Friday, July 23, 2004

A Better Pie for Everyone

I strongly believe that GLBT (Gay Lesbian Bisexual Transgender)Rights will be the political issue for our generation that the Civil Rights movement was to our parent and grandparents. I also believe down the road it will be the litmus test for politicians: were you on the right side of the issue from the start, or did you pander to your anti-civil rights voters and them jump on the bandwagon once the issue started gaining in popularity?

I've been thinking about this because of what Carlton wrote in his "values" post earlier this week:
Many blacks maintain conservative views on social issues due to their strong connection to the Church.
Let's look at the powder keg behind that one little sentence.

Regardless of what the Democrats actually *do* for African Americans (which is a whole other worthwhile discussion, and one I'm looking forward to Kara and others posting on), African Americans are a key constituency in the Democratic base vote.

Conventional wisdom dictates that a Democrat in a contested election needs to carry their precincts with high African American populations in order to carry the vote.

Conventional wisdom likewise dictates that African Americans are social conservatives, and will not support GLBT issues.

Which means that Democrats with a large number of African American constituents *believe,* rightly or wrongly, that if they support GLBT civil rights, they will lose the African American vote...and lose their election.

In other words, we have a problem.

1. Where else can the GLBT community turn?
We've already written off the Log Cabin Republicans, so all that leaves are the Greens. Could GLBT civil rights be the issue that galvanizes the Green Party and pushes them onto the national political scene as a viable third party? Even my crystal ball can't get a good read on this, but my guess is that while this is a long shot, the issues at play are so important and so powerful, that it is at least a remote possibility. And a scary possibility, because we really want all of the Greens as well as the GLBT community to come home to the Democrats and help us re-invent the party from the inside.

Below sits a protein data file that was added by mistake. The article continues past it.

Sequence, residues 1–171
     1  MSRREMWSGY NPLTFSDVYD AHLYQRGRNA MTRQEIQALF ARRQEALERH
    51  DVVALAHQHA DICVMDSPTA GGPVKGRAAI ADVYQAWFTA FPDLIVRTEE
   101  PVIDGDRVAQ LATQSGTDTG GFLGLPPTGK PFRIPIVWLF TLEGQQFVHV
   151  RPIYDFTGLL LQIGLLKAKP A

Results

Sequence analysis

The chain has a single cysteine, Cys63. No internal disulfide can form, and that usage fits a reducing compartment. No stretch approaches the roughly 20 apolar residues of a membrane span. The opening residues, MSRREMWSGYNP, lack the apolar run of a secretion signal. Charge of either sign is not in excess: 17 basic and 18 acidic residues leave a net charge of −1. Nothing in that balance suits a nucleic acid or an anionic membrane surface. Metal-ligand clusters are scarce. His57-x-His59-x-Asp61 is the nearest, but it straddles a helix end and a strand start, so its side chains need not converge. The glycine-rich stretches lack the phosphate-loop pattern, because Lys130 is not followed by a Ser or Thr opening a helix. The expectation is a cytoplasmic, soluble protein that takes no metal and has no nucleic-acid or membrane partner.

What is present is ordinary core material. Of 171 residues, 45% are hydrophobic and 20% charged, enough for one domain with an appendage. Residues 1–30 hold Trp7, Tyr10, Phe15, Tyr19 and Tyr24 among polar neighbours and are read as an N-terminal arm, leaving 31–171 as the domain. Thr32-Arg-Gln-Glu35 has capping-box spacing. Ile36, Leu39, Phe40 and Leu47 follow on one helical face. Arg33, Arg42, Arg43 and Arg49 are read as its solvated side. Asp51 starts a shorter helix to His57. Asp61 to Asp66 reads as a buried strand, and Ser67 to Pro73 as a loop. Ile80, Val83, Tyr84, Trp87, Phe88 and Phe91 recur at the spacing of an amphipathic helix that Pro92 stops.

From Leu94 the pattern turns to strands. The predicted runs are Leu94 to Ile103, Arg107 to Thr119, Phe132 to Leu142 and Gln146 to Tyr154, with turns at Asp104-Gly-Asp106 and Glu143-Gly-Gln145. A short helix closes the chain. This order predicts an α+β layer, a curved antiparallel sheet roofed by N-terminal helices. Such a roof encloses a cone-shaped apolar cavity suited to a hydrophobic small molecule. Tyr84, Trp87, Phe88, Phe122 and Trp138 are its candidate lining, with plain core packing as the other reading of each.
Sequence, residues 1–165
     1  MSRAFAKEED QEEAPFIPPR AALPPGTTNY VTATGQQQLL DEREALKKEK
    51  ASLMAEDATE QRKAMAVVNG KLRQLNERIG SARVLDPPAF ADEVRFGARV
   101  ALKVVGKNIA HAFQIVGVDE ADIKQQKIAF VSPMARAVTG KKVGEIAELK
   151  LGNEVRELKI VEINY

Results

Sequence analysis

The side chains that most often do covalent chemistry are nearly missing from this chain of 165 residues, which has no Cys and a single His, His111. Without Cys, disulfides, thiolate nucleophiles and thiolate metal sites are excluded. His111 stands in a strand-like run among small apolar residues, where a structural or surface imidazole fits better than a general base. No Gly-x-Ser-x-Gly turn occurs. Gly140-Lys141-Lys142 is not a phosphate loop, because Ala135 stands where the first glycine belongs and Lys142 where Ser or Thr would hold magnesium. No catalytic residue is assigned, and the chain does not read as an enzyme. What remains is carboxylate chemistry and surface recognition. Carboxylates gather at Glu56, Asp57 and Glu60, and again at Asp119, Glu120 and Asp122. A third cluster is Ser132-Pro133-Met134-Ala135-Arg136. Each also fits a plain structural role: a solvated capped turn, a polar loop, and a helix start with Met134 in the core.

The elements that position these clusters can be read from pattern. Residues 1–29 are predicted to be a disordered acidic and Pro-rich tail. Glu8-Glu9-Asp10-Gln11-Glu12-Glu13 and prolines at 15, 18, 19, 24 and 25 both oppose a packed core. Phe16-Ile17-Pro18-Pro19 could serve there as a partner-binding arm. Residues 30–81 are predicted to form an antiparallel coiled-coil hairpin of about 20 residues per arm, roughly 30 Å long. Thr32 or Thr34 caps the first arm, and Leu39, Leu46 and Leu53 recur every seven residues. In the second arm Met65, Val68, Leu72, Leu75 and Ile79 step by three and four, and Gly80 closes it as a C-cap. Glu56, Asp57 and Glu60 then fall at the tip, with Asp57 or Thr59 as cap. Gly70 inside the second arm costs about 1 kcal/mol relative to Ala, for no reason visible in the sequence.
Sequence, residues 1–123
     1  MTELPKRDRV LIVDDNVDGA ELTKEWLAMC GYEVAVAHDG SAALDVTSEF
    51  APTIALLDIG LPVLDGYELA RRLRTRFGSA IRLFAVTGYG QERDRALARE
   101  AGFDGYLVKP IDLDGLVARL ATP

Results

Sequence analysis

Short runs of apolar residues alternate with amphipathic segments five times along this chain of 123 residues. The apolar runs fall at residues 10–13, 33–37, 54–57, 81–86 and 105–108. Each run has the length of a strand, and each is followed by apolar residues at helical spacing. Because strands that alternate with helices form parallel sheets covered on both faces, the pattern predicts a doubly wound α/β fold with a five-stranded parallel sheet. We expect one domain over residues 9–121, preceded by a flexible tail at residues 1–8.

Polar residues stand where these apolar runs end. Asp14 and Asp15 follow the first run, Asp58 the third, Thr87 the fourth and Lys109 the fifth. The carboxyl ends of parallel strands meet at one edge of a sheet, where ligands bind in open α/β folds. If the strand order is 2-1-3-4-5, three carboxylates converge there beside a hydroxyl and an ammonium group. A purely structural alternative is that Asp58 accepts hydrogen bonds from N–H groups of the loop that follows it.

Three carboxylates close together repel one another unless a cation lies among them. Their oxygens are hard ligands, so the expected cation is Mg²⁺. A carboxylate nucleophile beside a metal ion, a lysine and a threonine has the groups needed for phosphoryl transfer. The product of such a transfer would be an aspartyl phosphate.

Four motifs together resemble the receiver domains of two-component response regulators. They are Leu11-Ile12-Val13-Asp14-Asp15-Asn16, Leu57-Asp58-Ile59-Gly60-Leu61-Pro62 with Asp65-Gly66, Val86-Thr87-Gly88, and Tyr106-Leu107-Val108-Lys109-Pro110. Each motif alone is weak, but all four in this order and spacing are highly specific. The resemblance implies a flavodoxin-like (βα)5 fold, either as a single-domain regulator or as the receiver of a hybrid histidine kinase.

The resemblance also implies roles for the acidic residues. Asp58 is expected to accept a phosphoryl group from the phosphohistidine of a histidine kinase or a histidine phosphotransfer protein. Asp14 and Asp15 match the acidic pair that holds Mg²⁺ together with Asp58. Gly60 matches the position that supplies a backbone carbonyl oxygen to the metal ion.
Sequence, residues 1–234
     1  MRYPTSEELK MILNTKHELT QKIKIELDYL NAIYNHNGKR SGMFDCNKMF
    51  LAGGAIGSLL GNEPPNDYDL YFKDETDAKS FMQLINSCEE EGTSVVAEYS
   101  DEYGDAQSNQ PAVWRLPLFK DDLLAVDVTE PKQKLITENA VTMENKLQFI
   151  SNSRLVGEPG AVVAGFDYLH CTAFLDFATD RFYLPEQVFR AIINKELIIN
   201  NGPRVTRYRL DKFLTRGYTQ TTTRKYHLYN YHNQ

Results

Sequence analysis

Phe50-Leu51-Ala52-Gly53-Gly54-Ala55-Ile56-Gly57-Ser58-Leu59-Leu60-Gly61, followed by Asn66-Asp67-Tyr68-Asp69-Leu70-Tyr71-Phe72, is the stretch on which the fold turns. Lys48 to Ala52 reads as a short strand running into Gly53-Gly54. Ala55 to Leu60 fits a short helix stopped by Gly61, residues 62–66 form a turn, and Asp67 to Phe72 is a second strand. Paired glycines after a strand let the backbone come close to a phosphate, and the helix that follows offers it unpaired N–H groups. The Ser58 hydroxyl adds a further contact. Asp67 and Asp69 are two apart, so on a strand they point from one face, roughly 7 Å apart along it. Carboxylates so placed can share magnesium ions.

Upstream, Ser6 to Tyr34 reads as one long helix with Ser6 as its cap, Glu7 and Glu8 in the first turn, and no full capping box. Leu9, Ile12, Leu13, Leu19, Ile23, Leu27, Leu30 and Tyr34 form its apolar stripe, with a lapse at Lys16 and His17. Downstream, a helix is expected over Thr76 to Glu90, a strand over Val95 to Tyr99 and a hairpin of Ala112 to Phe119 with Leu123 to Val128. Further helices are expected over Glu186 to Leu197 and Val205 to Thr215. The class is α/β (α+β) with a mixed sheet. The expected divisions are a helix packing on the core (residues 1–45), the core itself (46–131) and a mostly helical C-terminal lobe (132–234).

2. If the Democrats support GLBT issues, where will our African American voters turn?
The Republicans have been courting them for years--courting them in the same lip-service way, mind you, that they court women and Arab Americans. Will they fall for it? Or will they just stay home? Keep in mind that the Republicans have at the same time been *actively* campaigning to suppress the African American vote, and we're not just talking about Florida. Hit a man or woman with a stick enough times...and eventually they will stop doing whatever it was they think brought on the stick. Behavior modification 101.

3. How do we reframe the debate?
The solution to me, for the Democrats, the GLBT community, and for African Americans, is to start a dialogue towards demonstrating that this really is the civil rights movement revisited. Part of how Republicans succeed is their divide and conquer strategy of driving wedge issues to fracture the country and alienate natural allies--there is a belief here that there are only so many civil rights and only so much success to go around, and every new group needs to hold onto their own little piece before someone else takes it away. This view obviously ignores the fundamental truth that we sink or swim together, and that so long as one of us is not free, none of us are free.

One of my favorite definitions of feminism has always been that feminists don't want a bigger piece of the pie, we want to make a better pie for everyone. How can we reframe the newest civil rights battle in this way?

And folks, I'm not asking rhetorically: I want to know, and I want to know what you think.
  • How aware are your peers of GLBT issues?
  • Is anyone you know talking about Virginiai's House Bill 751?
  • How do we get support for GLBT struggles from African American Community?
  • And how do we make it "politically safe" for Democrats to give the GLBT community the support they deserve?

  • The burden for change and the moral responsibility will weigh most heavily on the shoulders of our generation. Let's get talking and brainstorming.